Erlend Øye on the Return of Kings of Convenience, Tinnitus, and the Legacy of His DJ-Kicks Mix

Erlend Øye on the Return of Kings of Convenience, Tinnitus, and the Legacy of His DJ-Kicks Mix
Kings of Convenience by Salvo Alibrio

I first heard Kings of Convenience's music—wait for it—because of Hollister. I bought an issue of CMJ in the Paramus Park mall store that had a sampler that included "Failure," from their incredible 2001 album Quiet Is the New Loud, which I immediately purchased soon thereafter.

Kings of Convenience have always had a place in my heart because of that album, and I quite enjoy their new one, Peace or Love, which also marks the first release from Erlend Øye and Eirik Bøe in 12 years. Øye, of course, is also responsible for his amazing DJ-Kicks mix from 2004, which bridged the gap between techno and indie and still stands as a singular and hard-to-find release. After he'd "had a swim" in the Mediterranean off the coast of his home in Sicily's  town of Syracuse, Øye hopped on Zoom with me to talk about KoC, his struggle with tinnitus, and whether his DJ-Kicks mix will ever come to streaming (spoiler: it might!).

What's it been like living in Sicily?

The difference between here and Norway is that most people here try very hard to eat together for lunch and dinner. In Norway, people like to eat by themselves. I enjoy very much to eat in company, and here that happens a lot. Also a lot of the time you can be outside, which I enjoy, because I have a lot of ear problems with tinnitus. If you live in a place where you have to socialize inside, it gets a lot harder on your ears. If life is happening outside, it's just much more comfortable with me.

Given how everyone likes to eat together over there, I have to imagine the lockdowns changed modern life pretty drastically.

My pandemic time was very divided by truly amazing times and truly shitty times. I was in Mexico to play festival shows with The Whitest Boy Alive, and just as we had all arrived the festivals got cancelled. We were also invited to go to a place called Hotel El Ganzo to do a small recording session, so me and the drummer went there with a few friends.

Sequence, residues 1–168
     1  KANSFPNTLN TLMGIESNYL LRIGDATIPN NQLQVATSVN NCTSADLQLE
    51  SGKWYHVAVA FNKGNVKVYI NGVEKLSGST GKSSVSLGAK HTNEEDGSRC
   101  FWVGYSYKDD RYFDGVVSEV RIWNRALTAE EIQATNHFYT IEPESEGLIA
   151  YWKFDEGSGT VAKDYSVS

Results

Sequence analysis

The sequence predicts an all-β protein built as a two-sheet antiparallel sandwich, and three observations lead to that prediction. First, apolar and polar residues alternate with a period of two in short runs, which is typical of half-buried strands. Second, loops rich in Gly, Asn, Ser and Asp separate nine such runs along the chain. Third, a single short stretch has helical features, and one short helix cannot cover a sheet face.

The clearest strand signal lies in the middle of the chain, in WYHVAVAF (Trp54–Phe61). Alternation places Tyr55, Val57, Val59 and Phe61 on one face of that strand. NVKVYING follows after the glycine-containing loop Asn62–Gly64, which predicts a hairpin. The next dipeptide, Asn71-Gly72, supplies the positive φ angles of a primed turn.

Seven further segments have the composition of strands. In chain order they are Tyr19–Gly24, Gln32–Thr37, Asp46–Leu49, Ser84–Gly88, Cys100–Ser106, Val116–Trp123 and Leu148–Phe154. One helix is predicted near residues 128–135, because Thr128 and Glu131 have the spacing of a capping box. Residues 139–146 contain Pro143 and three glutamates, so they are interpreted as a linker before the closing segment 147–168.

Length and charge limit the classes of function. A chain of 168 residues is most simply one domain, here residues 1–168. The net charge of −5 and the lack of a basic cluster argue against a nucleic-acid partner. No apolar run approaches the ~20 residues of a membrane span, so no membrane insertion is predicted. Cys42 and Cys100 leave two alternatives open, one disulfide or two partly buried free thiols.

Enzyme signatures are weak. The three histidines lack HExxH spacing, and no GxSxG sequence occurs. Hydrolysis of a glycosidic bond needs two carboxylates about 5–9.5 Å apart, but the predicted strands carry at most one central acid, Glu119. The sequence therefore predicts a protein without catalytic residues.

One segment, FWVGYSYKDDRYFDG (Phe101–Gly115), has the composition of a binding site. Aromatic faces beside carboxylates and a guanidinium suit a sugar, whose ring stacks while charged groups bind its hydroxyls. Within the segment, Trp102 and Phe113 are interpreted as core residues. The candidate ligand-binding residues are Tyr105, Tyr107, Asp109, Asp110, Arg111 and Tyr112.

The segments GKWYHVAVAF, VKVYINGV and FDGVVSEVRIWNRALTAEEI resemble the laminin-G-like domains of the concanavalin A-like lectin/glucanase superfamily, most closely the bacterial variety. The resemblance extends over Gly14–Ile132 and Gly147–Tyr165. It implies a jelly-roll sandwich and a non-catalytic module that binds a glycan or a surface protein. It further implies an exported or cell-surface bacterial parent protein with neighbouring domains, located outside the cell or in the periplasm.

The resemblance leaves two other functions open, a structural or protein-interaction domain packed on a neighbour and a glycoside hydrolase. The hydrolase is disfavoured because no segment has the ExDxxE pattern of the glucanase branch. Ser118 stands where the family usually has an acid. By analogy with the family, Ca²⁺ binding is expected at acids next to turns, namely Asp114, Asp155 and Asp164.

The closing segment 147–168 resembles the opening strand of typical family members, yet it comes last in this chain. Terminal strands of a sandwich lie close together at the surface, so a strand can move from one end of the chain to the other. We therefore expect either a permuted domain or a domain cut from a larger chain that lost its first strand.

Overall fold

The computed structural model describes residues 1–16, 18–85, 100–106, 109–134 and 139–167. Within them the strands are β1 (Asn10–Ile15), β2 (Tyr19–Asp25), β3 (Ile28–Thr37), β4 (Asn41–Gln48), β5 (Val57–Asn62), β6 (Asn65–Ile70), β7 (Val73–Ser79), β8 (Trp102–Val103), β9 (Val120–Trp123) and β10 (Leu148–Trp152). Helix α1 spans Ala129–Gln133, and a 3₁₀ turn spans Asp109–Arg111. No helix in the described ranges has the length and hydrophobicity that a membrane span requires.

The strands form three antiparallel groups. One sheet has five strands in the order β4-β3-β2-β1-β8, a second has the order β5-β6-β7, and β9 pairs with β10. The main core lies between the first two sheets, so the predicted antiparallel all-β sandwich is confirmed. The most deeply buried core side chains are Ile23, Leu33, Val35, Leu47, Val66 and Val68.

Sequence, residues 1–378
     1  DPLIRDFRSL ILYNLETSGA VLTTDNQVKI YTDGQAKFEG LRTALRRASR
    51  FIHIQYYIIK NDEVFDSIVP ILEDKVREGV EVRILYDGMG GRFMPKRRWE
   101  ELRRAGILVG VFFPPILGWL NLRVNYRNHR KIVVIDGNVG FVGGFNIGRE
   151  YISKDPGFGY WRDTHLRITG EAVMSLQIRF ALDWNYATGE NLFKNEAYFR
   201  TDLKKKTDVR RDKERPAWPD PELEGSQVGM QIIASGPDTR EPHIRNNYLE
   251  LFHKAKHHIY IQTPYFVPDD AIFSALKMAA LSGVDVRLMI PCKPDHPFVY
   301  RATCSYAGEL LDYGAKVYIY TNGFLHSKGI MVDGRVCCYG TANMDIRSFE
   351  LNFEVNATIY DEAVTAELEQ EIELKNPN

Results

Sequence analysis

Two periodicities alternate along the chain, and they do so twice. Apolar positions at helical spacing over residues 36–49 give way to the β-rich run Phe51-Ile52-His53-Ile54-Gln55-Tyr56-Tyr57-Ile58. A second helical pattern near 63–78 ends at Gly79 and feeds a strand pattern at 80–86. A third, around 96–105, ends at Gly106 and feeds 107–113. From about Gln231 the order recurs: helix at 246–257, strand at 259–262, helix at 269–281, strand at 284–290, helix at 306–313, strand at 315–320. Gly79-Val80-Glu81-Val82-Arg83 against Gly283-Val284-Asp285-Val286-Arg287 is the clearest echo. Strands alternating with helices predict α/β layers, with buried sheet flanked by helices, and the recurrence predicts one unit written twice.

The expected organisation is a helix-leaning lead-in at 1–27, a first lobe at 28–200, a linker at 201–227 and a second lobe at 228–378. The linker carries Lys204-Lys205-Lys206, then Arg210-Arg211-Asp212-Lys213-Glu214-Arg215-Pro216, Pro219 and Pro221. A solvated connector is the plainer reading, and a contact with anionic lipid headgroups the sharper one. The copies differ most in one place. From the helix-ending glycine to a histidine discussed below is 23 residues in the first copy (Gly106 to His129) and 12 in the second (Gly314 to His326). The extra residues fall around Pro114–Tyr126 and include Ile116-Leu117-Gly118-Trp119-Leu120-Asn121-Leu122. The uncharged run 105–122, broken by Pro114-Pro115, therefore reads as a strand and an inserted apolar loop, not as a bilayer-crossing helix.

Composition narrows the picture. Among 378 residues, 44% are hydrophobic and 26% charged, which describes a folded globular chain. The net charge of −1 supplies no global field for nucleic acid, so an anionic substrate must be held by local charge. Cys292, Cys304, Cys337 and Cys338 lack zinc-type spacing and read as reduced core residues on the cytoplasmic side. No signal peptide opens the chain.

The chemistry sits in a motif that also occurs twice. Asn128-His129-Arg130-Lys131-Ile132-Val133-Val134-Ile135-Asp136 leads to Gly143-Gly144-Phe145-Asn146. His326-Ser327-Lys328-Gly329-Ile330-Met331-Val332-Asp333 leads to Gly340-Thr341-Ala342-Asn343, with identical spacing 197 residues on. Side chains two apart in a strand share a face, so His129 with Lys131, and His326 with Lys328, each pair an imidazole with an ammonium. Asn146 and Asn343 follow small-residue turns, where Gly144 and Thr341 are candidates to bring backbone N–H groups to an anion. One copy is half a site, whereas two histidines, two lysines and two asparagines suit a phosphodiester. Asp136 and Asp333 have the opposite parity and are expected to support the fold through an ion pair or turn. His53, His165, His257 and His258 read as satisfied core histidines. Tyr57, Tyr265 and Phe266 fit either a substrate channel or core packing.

As things got worse in Europe, we said, "Let's not go back." So we stayed there for four months, which was amazing. It was like Mars over there—very desert-y, very different, but at least it was something new. It's almost better to be in a lockdown situation in a new place rather than an old place where you're repeating the same things. We were treated very well because we were the guests, so we had a wonderful time.

When I came back to Sicily, it was summer and it was really nice, but the winter was really depressing. A lot of life here in the winter is based around going to meet people in restaurants, and all of that shut down so it became very boring. I was trying to make sure I was living with people, so you make your own quarantine family if you can.

Do you feel like you've changed in any way over the past year?

I appreciate even more what it means to me to perform live. It's key to my mental health. It's the one time where a musician goes to work, does the work, and then the day's over and the work is done. With recording, it's just a long series of doubts. Is it good enough? Could it be better? You go to bed and you're not happy because you could always do more. With live shows, it could've been better, but now it's done. Show's over, maybe you'll get another chance tomorrow.

A lot of people in normal jobs go to work and home. A lot less people do that now, but it's a total luxury. Working 8-5 must be amazing. Your mind is free. It seems like a total paradise. The people who do that do stuff like building, very simple jobs—or not. I guess air traffic controllers are stressed during the day, but maybe at night they're worried about, "Did I tell them about X, Y, and Z?" [Laughs]

The new Kings of Convenience album is the first that you and Eirik have released in over a decade. You take your time with albums in general.